Mass for Laetare Sunday was celebrated from the KCLR studios at 9.30am on 22 March last. Bishop Dermot Farrell of Ossory preached the homily at the Mass.
During his homily, Bishop Farrell addressed the COVID-19 crisis. He said, “We are in uncharted waters – a place where we have never been in our lifetime, a place we could not have imagined a few weeks ago. We begin to appreciate anew what is essential in life. Indeed, we begin to appreciate why God had to come to us as one of ourselves, why the Word not only became, but had to become flesh.
“It is in this perspective that it is prudent, wise and necessary that we not gather in Church to celebrate our faith and receive the Eucharist. These extraordinary measures call us to re-discover the other ways we have to encounter Christ, ways which we’ve always had at our disposal, but which may have been beyond our horizon. It is a tenet of Christian faith that every person is a temple of the Holy Spirit and that the Lord dwells within us … As Gerard Manley Hopkins wrote,
‘For Christ plays in ten thousand places,
lovely in limbs, and lovely in eyes not his
To the Father through the features of men’s faces.’
(As Kingfishers Catch Fire)”
Bishop Farrell continued, “In today’s Gospel story, Jesus tells his disciples that ‘it was not this man sinned, or his parents, he was born blind so that the works of God might be made manifest in him’ (John 9:3). God is not punishing us. A person who holds such views lacks faith and does not know the God who is the father of our Lord, Jesus Christ. Rather, such a view of God reduces God to a very powerful being, the celestial equivalent of the person who holds the view. Such a god is a god of darkness, not the God of Light. As we pray in the Creed, Christ – God’s Son – is God from God, Light from Light. In Isaiah, God says that he has cast all our sins behind his back (see Is 38:17). God’s abiding presence is not dependent on our remaining faithful to God. Ultimately, we are saved not because we remain faithful to God, but because God remains faithful to us. God remains faithful to that which He has created.”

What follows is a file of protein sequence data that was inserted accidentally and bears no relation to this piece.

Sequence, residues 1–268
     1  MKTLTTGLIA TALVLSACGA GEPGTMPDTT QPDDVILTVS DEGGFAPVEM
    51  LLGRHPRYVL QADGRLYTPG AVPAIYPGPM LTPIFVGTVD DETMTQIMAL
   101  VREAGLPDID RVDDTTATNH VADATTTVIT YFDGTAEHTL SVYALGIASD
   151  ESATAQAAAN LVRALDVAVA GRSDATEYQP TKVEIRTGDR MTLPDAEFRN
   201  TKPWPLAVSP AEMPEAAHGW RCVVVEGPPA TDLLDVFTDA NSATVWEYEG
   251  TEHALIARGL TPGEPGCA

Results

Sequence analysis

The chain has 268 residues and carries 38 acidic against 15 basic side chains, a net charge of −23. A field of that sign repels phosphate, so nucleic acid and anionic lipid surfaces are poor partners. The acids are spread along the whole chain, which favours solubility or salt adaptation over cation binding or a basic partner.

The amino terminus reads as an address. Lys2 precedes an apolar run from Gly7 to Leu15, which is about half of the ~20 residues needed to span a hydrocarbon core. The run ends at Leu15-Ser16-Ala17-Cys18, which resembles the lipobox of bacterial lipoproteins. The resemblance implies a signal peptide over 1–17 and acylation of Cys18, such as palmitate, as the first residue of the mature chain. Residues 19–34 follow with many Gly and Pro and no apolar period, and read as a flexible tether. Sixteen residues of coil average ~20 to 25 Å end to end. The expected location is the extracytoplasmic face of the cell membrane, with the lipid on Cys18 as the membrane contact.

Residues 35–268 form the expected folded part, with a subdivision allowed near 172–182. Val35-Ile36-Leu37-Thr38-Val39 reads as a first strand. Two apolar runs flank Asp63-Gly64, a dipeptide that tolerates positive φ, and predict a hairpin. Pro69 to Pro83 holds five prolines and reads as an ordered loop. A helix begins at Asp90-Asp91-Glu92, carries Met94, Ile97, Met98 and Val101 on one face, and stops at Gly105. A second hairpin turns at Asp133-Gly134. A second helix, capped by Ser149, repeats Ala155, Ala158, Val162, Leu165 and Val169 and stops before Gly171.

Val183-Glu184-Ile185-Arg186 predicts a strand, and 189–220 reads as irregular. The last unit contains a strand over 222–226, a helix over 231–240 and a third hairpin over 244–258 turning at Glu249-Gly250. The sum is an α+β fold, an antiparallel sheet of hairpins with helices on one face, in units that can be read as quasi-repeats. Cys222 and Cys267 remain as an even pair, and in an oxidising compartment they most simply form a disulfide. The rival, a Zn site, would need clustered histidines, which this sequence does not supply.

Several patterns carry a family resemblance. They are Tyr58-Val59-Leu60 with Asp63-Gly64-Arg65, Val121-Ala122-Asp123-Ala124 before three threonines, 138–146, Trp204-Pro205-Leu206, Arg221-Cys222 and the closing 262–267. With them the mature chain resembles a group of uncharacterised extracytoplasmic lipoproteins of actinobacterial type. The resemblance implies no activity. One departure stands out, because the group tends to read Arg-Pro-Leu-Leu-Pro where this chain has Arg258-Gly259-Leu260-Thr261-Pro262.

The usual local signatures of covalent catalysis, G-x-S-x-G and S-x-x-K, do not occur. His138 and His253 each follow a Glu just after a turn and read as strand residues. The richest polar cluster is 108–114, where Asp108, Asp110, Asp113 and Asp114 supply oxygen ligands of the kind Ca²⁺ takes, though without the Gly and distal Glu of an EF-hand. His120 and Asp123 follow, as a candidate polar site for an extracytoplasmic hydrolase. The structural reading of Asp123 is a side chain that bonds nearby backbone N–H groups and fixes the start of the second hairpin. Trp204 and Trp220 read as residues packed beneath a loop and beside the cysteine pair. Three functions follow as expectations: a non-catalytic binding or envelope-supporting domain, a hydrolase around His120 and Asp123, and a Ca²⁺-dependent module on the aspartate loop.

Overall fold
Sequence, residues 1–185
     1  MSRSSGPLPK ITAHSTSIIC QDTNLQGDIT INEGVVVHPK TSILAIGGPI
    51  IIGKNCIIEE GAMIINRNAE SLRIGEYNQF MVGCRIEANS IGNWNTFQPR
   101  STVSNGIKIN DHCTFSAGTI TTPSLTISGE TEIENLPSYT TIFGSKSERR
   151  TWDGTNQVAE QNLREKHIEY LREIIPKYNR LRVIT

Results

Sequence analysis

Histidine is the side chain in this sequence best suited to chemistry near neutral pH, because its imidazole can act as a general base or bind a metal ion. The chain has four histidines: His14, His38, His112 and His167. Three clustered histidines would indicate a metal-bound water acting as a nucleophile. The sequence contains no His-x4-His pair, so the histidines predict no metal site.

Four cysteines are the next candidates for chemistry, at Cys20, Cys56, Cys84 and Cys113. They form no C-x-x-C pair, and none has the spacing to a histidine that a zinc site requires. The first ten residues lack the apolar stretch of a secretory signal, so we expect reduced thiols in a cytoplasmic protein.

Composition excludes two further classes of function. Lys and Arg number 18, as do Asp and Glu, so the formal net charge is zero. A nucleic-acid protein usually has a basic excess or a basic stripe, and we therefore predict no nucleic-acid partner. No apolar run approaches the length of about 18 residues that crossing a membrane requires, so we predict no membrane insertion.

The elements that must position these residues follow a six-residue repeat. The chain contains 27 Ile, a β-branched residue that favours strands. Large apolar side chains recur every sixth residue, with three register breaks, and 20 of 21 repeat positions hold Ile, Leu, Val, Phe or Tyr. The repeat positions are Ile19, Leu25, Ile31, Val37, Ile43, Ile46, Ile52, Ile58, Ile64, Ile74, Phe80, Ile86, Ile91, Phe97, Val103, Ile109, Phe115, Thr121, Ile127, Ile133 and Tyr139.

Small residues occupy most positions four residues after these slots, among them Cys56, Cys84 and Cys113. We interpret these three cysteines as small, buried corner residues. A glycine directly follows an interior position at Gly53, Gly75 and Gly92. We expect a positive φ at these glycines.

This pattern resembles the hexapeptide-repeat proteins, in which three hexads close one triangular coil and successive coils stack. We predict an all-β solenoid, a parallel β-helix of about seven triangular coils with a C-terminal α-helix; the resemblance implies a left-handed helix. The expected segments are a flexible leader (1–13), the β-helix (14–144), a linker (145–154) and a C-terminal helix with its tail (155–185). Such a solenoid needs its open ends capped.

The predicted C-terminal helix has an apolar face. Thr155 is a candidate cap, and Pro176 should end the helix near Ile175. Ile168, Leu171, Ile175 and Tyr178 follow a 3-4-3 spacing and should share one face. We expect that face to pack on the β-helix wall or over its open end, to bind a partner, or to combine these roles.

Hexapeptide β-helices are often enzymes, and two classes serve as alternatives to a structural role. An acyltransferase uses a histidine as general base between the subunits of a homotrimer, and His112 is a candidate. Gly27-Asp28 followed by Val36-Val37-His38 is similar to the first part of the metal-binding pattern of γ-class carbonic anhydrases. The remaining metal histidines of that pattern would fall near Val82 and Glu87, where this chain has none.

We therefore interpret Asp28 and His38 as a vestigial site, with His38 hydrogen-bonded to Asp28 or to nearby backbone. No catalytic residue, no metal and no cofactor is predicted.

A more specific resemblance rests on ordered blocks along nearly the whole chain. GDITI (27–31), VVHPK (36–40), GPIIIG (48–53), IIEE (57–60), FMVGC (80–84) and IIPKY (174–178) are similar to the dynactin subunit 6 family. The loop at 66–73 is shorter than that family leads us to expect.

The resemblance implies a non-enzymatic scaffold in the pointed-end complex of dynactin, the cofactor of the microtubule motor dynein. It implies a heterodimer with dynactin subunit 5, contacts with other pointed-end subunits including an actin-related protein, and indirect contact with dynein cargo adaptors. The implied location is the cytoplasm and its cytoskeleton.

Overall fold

In conclusion, Bishop Farrell said, “Some may describe the COVID-19 epidemic as apocalyptic. Properly understood, an apocalyptic view of the world is not a flight from the world, but is a way of coping with the world so that people can take stock of the traumatic situation they find themselves in, make decisions and take appropriate action. One thing we cannot take flight from is reality; we have to engage with the grim reality of the Coronavirus by assiduously observing the social distancing and other measures that have been put in place for our safely and the well-being of others. In the words of the Director of the World Health Organisation, ‘Let our shared humanity, be the antidote to our shared threat.’
“Eternal Shepherd, Lord of Life,
stay close to your people, as we pass through this valley of darkness.
Guide us, carry us, be our light and our strength,
the food for our journey, day-in-day-out.
You who are our home and our hope, for ever and ever. Amen.”
To read the full homily click here.